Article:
- Level up your physical security. I’m sure that hollow-door closet in the CEO’s office is a great hiding spot for her kids when they come into the office. And I’m sure the wet spot on the ceiling has been there for years and hasn’t grown MUCH since 2012. But the realities of running a secure data center are real and cost money. Cloud providers who are worth using have data center certifications and protections in place to the point where most will not even tell you where they specifically are. And their practices are defense-grade and better than you could do on your own any day of the week. This is what they do!
- Reduced managed service cost. As a small business you are more than likely using a managed network service company to patch and maintain your systems. They should be patching your systems, applying service packs, updating mail filters, optimizing the performance of your systems, provisioning accounts, defining group policy, fixing broken hardware components, and more. In the cloud, a lot of this goes away. When you go to the cloud, make sure you reassess your agreement with your MSP. You should NOT be paying the same amount as you did beforehand. They just don’t have as much work to do!
- Some things will just not be the same. Executives who know a little about IT are great to work with, and can frankly be dangerous. They have the hardest time with this pitfall. If you think that when you migrate your Sharepoint to Office 365 that you can continue to use all of your customizations, you may be disappointed. You have to check that they work if they’re that important to you. If you think you can take your bloated internally-developed application and just stand up AWS EC2 instances to run just like the ones did on-premises, you’re going to pay more money. The value in the cloud only comes when you think about your workloads, customers, and utilization curves of your systems and stop treating them thoughtlessly. Optimization is a worthwhile, yet never-ending process that pays for itself in cost reduction and customer efficiency over time.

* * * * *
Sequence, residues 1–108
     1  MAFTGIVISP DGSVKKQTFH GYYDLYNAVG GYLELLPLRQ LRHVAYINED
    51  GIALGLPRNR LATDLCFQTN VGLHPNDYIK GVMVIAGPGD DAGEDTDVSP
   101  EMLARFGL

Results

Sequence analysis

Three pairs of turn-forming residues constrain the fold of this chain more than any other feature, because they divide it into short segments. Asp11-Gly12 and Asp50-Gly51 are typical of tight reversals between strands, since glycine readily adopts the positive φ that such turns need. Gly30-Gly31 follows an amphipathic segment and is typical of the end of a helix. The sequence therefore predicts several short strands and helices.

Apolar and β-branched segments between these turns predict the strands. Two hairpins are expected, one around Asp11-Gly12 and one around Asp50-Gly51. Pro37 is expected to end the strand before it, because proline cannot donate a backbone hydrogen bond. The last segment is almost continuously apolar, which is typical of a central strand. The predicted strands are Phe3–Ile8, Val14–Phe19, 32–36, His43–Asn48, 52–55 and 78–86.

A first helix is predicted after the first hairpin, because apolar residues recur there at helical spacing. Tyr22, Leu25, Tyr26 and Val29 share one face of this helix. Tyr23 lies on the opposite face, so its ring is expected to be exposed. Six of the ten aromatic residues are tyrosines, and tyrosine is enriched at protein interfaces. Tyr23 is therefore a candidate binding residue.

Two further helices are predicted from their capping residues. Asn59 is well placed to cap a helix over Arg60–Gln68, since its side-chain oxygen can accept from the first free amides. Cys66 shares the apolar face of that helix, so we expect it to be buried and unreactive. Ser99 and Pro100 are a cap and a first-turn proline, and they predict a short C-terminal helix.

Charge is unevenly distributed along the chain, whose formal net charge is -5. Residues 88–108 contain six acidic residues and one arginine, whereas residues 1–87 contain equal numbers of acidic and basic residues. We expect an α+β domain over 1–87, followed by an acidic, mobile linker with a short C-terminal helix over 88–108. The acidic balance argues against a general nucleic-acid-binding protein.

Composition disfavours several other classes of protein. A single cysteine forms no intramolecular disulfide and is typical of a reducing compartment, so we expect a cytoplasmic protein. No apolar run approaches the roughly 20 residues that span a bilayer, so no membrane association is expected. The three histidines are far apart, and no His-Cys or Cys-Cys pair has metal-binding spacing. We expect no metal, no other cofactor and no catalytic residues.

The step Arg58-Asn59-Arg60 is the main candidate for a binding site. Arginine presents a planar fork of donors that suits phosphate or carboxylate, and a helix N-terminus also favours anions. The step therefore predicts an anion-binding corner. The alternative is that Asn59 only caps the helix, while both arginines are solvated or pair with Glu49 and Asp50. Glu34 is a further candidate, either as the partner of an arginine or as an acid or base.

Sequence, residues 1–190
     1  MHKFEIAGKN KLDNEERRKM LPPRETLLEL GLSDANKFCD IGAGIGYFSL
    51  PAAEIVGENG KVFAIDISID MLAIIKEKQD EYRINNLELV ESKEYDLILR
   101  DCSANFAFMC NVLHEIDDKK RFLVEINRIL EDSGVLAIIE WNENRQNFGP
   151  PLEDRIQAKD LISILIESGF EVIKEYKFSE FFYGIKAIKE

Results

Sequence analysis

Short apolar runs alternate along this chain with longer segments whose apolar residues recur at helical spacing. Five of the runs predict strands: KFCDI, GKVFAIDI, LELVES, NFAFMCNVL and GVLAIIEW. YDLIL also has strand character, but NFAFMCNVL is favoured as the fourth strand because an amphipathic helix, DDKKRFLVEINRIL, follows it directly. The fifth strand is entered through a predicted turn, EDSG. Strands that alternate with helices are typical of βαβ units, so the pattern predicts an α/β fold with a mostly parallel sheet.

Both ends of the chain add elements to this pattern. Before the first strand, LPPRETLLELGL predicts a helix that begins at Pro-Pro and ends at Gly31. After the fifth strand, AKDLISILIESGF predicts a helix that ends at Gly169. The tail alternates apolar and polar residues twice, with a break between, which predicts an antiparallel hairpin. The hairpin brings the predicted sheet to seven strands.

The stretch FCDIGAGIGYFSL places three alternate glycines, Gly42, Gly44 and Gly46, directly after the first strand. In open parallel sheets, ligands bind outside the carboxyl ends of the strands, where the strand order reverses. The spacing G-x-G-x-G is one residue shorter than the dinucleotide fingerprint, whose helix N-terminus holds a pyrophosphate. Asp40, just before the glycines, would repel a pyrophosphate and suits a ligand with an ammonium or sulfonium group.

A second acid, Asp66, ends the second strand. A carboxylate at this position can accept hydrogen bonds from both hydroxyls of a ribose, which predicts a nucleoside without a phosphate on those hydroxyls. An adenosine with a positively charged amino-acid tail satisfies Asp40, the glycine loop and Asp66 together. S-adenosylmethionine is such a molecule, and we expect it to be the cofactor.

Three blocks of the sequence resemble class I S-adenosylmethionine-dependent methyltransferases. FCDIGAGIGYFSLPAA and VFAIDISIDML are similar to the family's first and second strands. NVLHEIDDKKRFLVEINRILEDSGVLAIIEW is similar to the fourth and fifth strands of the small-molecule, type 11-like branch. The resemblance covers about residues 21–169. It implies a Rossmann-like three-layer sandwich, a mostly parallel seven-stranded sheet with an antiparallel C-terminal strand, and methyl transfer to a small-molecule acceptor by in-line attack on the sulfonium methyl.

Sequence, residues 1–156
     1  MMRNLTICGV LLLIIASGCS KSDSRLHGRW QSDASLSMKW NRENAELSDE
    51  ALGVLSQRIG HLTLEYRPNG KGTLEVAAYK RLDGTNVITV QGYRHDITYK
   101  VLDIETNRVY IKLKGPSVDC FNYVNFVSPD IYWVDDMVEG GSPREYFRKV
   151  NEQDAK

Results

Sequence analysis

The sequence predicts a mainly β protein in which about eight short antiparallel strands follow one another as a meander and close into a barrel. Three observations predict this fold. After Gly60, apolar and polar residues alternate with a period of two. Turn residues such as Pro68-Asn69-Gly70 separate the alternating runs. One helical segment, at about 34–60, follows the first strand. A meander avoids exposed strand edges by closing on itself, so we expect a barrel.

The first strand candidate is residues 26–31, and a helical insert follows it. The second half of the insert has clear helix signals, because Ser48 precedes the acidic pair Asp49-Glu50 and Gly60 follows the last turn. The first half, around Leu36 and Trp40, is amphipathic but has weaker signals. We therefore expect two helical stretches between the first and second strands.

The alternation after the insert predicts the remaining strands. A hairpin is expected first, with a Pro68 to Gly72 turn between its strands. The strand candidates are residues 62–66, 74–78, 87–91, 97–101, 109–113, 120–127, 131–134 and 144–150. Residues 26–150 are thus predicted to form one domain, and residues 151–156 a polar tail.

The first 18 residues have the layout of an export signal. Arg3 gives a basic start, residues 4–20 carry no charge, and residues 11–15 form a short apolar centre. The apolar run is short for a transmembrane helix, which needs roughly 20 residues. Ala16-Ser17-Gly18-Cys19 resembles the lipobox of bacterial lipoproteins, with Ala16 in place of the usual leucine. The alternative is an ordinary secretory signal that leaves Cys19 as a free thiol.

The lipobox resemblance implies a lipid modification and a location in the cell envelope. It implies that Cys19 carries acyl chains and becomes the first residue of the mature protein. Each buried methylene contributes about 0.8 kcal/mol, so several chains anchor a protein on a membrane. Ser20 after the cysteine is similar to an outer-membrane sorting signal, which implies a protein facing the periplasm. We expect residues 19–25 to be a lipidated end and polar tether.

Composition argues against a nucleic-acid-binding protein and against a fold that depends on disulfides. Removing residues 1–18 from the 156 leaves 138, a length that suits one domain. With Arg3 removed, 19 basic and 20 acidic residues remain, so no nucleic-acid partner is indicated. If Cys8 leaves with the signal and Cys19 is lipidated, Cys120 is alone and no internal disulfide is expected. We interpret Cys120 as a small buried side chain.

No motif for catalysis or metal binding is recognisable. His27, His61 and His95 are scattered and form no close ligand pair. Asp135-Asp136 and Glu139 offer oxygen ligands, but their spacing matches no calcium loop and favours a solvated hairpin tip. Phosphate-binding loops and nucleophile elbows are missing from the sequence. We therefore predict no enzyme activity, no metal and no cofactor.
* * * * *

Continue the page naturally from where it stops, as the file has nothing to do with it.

- Assess your support team. Not all MSPs are created equal. If your vendor is spending more time trying to talk you out of a migration to the cloud than they are on doing it properly, the odds are that they don’t understand it. And if they don’t understand it, you will not reap those rewards — you’ll only breed frustration. A proper service provider will actually be able to decrease your monthly bill over time by nature of the fact that they should be automating and improving their processes every time they do them. Their contract should commit them to it. Over time, either your bill needs to go down or your functionality needs to go up. Either way, the cloud will get you more for less.
- Be thoughtful! Not all applications are ready to go to the cloud right away. You may need to do some work. And once you’ve done that work, remember that not all clouds are created the same. Do your homework. Understand their split of responsibility when it comes to maintaining your systems. Check their certifications. Check their uptime metrics. Check their market penetration. Don’t react hastily and move everything on a knee-jerk response to an awesome blog post. And whatever you do, don’t just assume that if the cloud you’re considering is made by the same company that wrote the operating system you use on your computers, that it will be the easiest or best path for you. I repeat — do your homework.
Hopefully this post helps a small business or two get over the hump. Cloud computing is worth it! But be thoughtful and take your time. Plan, then execute. And if this was all over your head, get an advisor.